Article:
“The Amazon founder and CEO gave the money through his Bezos Day One Fund, which he announced in September 2018. At launch, Bezos pledged $2 billion to the fund, which has two areas of focus: funding the work of organizations who help homeless families, and creating Montessori-inspired preschools across the country.”

“The day that the new gifts were announced, Bezos filed with the Securities Exchange Commission that he was ​donating 56,702 share of Amazon stock — worth ​just under $99 million — to nonprofits,” the article continued.

“The timing of the Bezos stock donation makes it seem like the shares could have been donated to Day One Fund grant recipients. ​A ​spokesman for Amazon declined to comment.”

That’s … actually pretty great. And you know, he didn’t need to pay Tom Hanks a single cent.

So, who could be angry about this?

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Jeremy Corbyn, for one. The United Kingdom is about to go to the polls, thanks to the current Brexit logjam, and Corbyn is one of two men with a realistic chance of being the U.K.’s prime minister when it’s all said and done.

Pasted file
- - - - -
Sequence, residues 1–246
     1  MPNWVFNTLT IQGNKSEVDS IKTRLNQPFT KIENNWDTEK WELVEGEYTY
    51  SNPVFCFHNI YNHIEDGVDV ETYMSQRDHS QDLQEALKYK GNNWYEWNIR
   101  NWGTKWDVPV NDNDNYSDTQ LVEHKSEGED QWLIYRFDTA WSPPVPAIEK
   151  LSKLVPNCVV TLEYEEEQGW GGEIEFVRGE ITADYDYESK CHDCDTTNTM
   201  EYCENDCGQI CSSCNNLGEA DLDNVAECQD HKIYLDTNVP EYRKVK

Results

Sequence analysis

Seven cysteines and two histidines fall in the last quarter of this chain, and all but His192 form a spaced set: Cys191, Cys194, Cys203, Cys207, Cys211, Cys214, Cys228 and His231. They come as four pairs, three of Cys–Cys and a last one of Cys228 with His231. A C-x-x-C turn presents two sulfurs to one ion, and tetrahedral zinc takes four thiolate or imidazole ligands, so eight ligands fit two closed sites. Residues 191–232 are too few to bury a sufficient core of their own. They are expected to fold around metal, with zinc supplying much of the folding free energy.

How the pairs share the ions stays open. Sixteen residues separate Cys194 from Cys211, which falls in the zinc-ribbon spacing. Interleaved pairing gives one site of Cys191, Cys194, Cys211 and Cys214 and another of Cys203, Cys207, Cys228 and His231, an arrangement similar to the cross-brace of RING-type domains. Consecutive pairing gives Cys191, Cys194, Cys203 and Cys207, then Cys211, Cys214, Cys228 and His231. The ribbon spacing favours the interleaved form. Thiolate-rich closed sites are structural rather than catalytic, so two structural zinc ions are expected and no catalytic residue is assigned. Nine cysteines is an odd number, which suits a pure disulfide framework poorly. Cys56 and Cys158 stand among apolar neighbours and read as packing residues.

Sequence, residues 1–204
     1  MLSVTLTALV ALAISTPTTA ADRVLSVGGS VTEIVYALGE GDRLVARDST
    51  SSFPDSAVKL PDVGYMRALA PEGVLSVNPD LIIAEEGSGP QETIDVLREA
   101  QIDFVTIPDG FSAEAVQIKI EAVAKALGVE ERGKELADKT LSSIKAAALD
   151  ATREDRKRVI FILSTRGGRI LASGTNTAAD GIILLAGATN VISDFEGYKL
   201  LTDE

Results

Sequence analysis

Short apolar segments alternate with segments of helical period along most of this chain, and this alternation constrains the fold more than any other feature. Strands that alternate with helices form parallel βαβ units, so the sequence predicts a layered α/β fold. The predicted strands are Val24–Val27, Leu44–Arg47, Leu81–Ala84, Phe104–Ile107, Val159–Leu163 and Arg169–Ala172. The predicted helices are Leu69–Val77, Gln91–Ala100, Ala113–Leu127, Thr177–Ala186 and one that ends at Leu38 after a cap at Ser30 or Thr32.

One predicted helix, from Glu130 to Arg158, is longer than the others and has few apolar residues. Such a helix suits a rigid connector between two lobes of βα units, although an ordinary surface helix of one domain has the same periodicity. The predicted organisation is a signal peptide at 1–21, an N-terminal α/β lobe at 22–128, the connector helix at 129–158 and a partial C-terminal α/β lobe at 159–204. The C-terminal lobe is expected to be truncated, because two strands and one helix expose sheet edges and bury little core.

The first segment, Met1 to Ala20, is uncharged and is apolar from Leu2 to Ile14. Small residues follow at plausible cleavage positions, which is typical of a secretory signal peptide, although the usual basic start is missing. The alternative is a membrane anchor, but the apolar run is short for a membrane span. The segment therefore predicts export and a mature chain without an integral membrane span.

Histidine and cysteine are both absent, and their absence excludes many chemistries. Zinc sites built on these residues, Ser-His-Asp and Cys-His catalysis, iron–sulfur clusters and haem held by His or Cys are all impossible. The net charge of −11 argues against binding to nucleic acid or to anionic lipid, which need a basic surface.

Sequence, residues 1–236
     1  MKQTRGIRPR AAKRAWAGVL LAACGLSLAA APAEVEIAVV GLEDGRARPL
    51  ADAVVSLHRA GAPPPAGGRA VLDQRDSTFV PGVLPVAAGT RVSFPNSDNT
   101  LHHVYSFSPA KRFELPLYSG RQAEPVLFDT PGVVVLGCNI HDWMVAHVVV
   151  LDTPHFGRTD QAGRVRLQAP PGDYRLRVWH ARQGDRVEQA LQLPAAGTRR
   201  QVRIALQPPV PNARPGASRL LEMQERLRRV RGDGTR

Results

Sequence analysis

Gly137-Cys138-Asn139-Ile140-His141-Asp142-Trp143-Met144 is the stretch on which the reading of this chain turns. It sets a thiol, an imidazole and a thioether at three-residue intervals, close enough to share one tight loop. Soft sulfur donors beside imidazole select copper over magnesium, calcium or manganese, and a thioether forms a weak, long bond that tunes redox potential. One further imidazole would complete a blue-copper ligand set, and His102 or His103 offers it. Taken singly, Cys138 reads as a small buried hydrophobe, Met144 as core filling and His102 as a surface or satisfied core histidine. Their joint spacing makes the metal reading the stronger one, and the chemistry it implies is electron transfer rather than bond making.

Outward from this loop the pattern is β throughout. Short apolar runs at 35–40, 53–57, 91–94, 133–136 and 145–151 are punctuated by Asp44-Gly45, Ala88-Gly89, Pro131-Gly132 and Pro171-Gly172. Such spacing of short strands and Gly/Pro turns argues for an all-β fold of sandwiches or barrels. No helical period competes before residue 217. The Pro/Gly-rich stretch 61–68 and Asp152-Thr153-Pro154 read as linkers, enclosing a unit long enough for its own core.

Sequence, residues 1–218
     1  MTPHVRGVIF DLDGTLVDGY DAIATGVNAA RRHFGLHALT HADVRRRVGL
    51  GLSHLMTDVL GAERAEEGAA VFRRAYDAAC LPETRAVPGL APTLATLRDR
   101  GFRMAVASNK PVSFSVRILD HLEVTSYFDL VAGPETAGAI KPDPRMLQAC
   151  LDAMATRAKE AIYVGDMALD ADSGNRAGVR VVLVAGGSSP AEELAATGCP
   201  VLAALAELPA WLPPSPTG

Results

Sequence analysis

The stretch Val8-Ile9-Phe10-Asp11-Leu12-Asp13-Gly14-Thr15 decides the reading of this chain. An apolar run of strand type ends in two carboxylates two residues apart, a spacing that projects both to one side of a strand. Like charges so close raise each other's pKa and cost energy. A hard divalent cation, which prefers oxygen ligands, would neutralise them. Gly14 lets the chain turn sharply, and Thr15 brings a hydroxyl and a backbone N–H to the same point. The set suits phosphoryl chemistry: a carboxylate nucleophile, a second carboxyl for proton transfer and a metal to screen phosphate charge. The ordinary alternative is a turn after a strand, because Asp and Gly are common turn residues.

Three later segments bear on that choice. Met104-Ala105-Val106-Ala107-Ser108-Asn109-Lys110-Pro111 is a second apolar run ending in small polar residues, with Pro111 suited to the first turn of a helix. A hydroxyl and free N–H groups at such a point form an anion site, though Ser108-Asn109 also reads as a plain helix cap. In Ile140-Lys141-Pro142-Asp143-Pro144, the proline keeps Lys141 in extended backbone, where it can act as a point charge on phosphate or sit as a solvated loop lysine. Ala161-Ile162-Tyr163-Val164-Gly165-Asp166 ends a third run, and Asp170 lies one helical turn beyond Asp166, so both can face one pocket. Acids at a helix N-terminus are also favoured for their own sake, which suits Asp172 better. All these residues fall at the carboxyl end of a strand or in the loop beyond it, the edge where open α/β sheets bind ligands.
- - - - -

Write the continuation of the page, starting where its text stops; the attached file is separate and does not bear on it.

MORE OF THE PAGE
This is a problem for a panoply of reasons; we don’t really have the time to go into Corbyn’s anti-Semitism in-depth here, but that’s inarguably the most detestable thing about the head of Britain’s Labour Party. Second among these, however, is that he’s a self-identified democratic socialist who’s campaigning on taking other people’s money.

Bezos is one of the targets.

“That’s 0.09% of your net worth,” Corbyn tweeted Sunday.

“Just pay your taxes.”

The quip about Bezos paying his taxes this refers to yet another corporate tax spat regarding Amazon.

The U.K. Guardian reported in September that the company stated it “pays less than £94m in other direct taxes, including corporation tax and stamp duty, across its entire UK operation,” at least in 2018.